I met Lexi through a very close friend of ours: Lola, my dog. Lexi was the owner of Lola’s brother, Remington. She also just happened to live down the street and up one cul de sac. I remember meeting her for the first time in third grade. It’s weird because I don’t remember the date or time or who else was there. I just remember standing in my school uniform, a navy jumper with a white polo peaking out the collar, on her doorstep. I figured she was too cool for me because she went to the other public school. I was the loser from the smart kid school that would cultivate me into the anxiety ridden teen I am today. Would she think I was cool enough?
Newsflash: somehow, some way, she did. My frantic brain was put to rest.
And thus erupted a friendship like no other. Or rather, it was a very typical relationship between two girls who were still young. The hormones hadn’t plagued us yet. Our ovaries hadn’t decided to pop out some eggs once a month, we were flat chested, we were grossed out by boys because we assumed they were all like her brothers, we were young. I met Lexi before anything bad ever really happened in my life. Perhaps that’s why I can’t drive past a fucking piece of cement without being reminded of her.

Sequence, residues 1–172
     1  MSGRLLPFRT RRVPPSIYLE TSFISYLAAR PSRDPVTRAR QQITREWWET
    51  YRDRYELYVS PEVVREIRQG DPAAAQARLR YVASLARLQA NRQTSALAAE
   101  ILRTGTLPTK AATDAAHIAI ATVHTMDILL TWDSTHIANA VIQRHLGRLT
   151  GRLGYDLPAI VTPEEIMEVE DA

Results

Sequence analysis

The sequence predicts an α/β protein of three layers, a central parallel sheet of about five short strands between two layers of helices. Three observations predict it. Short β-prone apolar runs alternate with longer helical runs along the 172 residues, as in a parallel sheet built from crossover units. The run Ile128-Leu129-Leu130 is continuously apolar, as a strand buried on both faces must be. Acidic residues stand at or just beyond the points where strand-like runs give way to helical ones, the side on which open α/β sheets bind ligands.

Lexi and I spent every breathing moment together during our summers and weekends. Some of those adventures are too precious and private to share to the random people reading this (who even are you?). The best memory I have with her is on the first day of summer going into my fourth or fifth grade year.
She waltzed up to my house with those thin, tan legs I always envied. She looked like the sun made out with her instead of just kissing her. Lexi is one of the most beautiful girls I’ve had the pleasure of knowing, inside and out. Her heart is warmer than a thousand of the suns that kissed her earlier. And when I say that Lexi has the voice of an angel, I really believe it. As an ex band mate, I have some authority to say that. I know Lexi is reading this right now, so I’ll stop blowing her horn with matter of fact statements that aren’t poetic in the slightest.